St. Helena's Church

I am still on vacation in Beaufort, South Carolina.  I really do miss Geneva, but today, as I walk through these tree-lined streets, I am daydreaming about perhaps one day writing two part-time blogs that celebrate my favorite places on Earth.  Like Geneva Daily Photo, Beaufort Daily Photo has a lovely ring to it too, I think.

This is the of steeple St. Helena's (Episcopal) Church in downtown Beaufort, South Carolina, and the brick wall surrounding the adjoining cemetery.  The church was established in 1712, and the first church building erected in 1724.  The congregation will celebrate its tricentennial in 2012.

Uncle Bubba's

A quick side trip to Uncle Bubba's in Savannah, Georgia for lunch.  Shown here are the Shrimp and Grits I ordered, and they were GOOD!  I think this may well be my new favorite thing to eat, but I will need another bowl to be absolutely sure.

We had a terrific afternoon together, and especially enjoyed visiting with Uncle Bubba, who checked in on us while we were dining, and spent some time chatting with us in the parking lot outside.  I hope he remembers to tell his sister, Paula, we said hello!

You can try this lowcountry favorite for yourself!  Click here for the recipe!

Life's A Beach

Still on vacation, but missing you, Geneva!  After a day spent on the beach, the girls and their cousins have collected a king's ransom in sand dollars, shown here drying as the sun sets.


A small shop in Frogmore, on historic St. Helena's Island.  St. Helena's is one of the sea islands near Beaufort, and many argue it may be the site of one of the oldest European settlements in the new world.  The island was home to large plantations that produced indigo, cotton and rice, and were worked by a large slave population.  The blending of so many traditions produced the rich Gullah culture which is still in evidence today.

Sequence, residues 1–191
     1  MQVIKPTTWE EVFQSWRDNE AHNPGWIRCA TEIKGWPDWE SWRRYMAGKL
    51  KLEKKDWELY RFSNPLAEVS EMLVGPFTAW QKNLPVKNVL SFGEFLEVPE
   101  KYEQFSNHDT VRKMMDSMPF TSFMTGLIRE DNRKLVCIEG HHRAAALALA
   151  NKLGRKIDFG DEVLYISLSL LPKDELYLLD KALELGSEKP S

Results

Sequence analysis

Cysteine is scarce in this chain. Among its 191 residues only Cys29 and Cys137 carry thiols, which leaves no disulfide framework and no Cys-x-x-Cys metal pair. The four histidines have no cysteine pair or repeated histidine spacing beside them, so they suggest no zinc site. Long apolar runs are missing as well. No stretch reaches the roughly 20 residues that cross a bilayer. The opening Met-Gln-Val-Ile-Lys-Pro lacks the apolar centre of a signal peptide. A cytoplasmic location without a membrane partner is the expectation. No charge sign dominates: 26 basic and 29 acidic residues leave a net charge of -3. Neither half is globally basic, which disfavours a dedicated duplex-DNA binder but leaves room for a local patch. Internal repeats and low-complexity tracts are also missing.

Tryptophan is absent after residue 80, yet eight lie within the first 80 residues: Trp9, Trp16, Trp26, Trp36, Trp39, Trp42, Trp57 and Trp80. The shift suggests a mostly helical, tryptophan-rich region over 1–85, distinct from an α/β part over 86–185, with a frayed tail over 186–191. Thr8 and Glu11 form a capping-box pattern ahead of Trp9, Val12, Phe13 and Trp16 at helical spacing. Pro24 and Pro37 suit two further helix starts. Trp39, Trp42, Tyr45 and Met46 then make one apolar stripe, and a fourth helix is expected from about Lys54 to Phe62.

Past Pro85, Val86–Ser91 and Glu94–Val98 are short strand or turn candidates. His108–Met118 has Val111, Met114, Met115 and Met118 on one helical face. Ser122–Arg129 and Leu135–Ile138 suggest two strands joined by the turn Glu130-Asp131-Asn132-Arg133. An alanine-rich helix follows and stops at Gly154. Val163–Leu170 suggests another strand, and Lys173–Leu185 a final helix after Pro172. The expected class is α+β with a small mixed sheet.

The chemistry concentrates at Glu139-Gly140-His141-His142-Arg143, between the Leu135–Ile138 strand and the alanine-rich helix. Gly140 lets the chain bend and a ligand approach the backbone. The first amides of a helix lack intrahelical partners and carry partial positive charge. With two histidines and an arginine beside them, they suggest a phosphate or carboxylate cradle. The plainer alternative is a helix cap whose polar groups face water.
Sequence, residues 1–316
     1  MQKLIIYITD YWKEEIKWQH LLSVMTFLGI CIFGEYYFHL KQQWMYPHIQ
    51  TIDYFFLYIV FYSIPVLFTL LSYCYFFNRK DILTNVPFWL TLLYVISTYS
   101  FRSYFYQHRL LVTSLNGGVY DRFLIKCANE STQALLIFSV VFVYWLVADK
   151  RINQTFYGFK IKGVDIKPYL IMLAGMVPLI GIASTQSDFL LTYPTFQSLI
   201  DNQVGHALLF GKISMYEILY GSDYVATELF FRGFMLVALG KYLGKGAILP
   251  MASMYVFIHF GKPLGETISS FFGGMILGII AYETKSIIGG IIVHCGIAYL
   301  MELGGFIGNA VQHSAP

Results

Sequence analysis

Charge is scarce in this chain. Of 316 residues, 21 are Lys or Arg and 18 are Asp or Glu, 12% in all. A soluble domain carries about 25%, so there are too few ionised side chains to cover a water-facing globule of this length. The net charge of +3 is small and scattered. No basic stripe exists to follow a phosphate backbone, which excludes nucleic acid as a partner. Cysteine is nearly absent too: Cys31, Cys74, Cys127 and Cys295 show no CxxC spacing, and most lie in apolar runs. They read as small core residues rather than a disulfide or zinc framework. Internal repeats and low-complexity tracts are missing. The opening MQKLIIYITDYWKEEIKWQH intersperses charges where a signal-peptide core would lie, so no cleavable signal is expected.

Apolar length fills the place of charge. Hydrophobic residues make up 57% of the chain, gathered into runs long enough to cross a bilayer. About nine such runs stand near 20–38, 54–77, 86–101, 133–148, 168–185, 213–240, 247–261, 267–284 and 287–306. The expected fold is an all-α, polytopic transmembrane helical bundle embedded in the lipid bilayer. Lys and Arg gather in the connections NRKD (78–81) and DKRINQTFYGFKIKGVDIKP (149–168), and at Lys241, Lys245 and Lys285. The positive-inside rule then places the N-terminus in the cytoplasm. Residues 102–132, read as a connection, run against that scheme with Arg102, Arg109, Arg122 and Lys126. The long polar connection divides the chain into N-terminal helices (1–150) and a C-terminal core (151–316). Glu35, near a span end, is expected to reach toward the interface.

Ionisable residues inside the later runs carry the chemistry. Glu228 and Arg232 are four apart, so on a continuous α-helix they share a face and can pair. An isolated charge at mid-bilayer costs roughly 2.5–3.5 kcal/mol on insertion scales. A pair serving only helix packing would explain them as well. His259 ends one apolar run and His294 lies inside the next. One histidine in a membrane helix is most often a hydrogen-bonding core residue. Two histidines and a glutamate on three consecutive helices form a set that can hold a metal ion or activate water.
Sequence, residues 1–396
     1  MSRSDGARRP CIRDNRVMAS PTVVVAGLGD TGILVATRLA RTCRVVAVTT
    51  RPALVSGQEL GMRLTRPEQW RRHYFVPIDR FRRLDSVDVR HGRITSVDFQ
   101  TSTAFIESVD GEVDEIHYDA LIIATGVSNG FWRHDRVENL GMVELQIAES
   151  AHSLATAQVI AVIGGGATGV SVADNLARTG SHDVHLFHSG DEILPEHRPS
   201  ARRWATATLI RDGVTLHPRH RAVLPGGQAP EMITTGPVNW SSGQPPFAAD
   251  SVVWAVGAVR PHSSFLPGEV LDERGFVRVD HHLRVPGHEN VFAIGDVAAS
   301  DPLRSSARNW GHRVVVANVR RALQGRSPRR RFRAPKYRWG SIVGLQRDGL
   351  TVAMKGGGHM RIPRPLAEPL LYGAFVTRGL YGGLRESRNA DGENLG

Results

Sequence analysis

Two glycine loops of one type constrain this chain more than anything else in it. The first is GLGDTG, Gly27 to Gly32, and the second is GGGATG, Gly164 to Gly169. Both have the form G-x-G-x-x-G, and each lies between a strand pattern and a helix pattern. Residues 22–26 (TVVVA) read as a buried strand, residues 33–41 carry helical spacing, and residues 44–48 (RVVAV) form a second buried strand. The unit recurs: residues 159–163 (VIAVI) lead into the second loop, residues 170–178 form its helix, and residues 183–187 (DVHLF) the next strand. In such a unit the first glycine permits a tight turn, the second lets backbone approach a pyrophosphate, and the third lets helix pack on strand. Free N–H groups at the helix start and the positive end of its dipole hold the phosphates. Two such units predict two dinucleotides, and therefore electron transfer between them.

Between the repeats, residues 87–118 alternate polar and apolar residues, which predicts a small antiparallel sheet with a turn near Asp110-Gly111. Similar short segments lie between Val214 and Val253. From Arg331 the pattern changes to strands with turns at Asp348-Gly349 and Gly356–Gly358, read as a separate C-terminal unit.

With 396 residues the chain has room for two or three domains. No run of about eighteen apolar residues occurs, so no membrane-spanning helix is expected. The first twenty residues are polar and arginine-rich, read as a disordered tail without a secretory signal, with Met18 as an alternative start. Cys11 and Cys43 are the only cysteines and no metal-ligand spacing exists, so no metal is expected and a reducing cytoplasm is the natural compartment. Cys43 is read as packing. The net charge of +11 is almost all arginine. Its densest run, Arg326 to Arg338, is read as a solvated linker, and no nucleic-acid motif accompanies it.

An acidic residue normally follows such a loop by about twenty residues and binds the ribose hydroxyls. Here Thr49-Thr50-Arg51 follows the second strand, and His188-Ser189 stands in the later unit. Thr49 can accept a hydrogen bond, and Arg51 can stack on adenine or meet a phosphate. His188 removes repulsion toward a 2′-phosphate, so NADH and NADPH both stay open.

St. Helena's has retained its rural, agricultural character, and unlike many of the islands along the coast, is not dotted with gated resort communities.  Frankly, I think that is why I like it so much. There are a couple historic sites that I love to photograph, namely the ruins of the old Chapel of Ease, and the site of the former Fort Fremont, deactivated about a century ago.

They island may be best known as the location of Penn Center, a school which was established in 1862 for newly freed slaves. 


Lunch, Southern style. 

Pulled pork, sweet potatoes, squash, cornbread and iced tea.  The food at Sgt. White's in Beaufort is out of this world!  Which is a good thing, since with such a full plate, I won't be eating again, I don't think, for a couple of days!

Changes In Latitudes

For the past several days, I have been on vacation.  Unfortunately, the images of Geneva that I planned to show you this week didn't make it on vacation with me.

So instead, I bring you sunset in Beaufort, South Carolina.  My other adopted home town.  The South Carolina lowcountry is quite possibly (after Geneva, of course!) my favorite place in the world.


The Herrington Inn from the east side of the Fox River in Island Park. 

A Moveable Feast

On Sunday, the French Market opens up on South Street, in the parking lot north of the train depot.  There are many interesting vendors, bur for me, only two stalls truly evoke memories of my visits to Paris.

One is the antiquarian bookseller, who reminds me of afternoons spent walking along the Seine, and also hours spent hiding from the rain at one of my favorite Paris treasures, located at 37 Rue BĂ»cherie (5eme).  The other is this one, selling lovely damask linens that make me wish I were spending a morning shopping for fabrics in the 18eme (Montmartre), in the shadow of Sacre Coeur. 

There is something here for everyone, even if it is French in name only.  Maybe you will find your own little bit of Paris here

You Can Leave Your Hat On

"I myself have 12 hats, and each one represents a different personality.  Why just be yourself?"  (Margaret Atwood)

I spied this impressive bit of millinery as I waited for the train last week.  This woman, and about a dozen others, were all attired in red hats and purple clothing.  One or two went far enough as to accessorize with red shoes.  It was like Margaret Atwood's collection of bonnets (each with their own unique character) on parade.  Truth be told, one was wearing only a simple red headband in lieu of a flashy chapeau.  My teenager gave her very high marks for her comparatively subtle expression of conformity with her party.

Very Short Stories